Jon Stewart Slams Fox News' Defense After Obama's "Leeches" Comment, & Its Brilliance Will Leave You In Tears
As we emotionally and mentally prepare ourselves for the giant hole in TV that will no doubt emerge after Jon Stewart leaves The Daily Show at the end of the year, I, for one, am holding dear to my heart the gems that he continues to deliver to delighted audiences in his exasperated, common-sense way. Sure, when the list of his best moments quite possibly spans entire books' lengths, it's hard to not celebrate the fact that a show like that exists in our time. But on Wednesday when Jon Stewart slammed Fox News' defense after Obama's "leeches" remark, I dare say I teared a little bit at the thought that no one else could ever launch such an incredible takedown of an infuriating member of the media.
In the clip, Stewart rips into Fox News defending the narrative on their reporting on poverty that Obama said characterizes the poor as "lazy leeches" of the welfare system. Fox News journalist Stuart Varney said on air, (with a straight face, too, impressively):
As the middle class shrinks and the poor are trapped in this system, so to speak, the president blames us, the honest messengers.
The show cuts to a clip of Varney's passionate defense of his employer (which Stewart called "a rich buffet of bullshit), then shows supercuts of Fox News anchors throwing around terms like "entitlement mentality," "the moocher class," "freeloaders in America," and, um, accusing the poor of "sucking off the nipple of the government." It's a brilliant eradication of Varney's entire defense, which, as Stewart pointed out, is highly ironic considering Varney himself is one of the chief deliverers of this narrative.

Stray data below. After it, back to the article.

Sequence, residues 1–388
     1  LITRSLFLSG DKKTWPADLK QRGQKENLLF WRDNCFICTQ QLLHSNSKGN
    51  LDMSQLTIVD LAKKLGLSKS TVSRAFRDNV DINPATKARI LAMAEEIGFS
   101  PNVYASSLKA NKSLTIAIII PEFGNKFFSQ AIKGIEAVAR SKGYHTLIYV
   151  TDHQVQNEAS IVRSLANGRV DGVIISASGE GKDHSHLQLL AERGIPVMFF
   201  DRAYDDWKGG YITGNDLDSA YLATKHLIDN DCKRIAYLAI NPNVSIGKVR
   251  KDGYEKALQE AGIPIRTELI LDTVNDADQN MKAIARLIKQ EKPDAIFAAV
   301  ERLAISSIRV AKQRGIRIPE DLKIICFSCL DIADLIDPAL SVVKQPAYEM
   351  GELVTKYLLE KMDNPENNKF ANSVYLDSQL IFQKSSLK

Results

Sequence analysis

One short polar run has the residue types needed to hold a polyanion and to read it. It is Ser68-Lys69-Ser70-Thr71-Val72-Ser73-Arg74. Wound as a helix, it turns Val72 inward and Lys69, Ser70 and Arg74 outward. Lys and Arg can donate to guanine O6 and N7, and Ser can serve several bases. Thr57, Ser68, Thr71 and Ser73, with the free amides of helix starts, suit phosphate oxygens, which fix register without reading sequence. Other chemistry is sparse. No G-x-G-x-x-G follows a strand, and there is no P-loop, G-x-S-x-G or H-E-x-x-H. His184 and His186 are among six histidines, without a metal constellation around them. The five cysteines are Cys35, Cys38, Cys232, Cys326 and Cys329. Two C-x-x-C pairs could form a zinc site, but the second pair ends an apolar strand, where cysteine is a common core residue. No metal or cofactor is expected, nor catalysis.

Obama's comments at Georgetown University were interesting, one that pointed to his transformation as a cautious, conciliatory president to a bolder leader reminiscent of the candidate that had inspired so many in the 2008 election. And kudos to him for singling out Fox News, whose news actually makes you less informed, a 2012 study claimed, which successfully counteracts the very point of its existence. As Stewart said in this clip:
At one point in this incredibly thoughtful and productive session on poverty, the president made the easily provable and decidedly true point that Fox News' narrative is that poverty is not a function of economic condition, but of character.
It's not so much that Stewart is defending Obama, as some might point out. Rather, it is his ability to call out hogwash on whomever he deems is deserving — be it the president, CNN, or Fox News and its various anchors. There are so many points in this clip worthy of mention, but I'd advise you to treat yourself to it first hand.
Image: The Daily Show (2)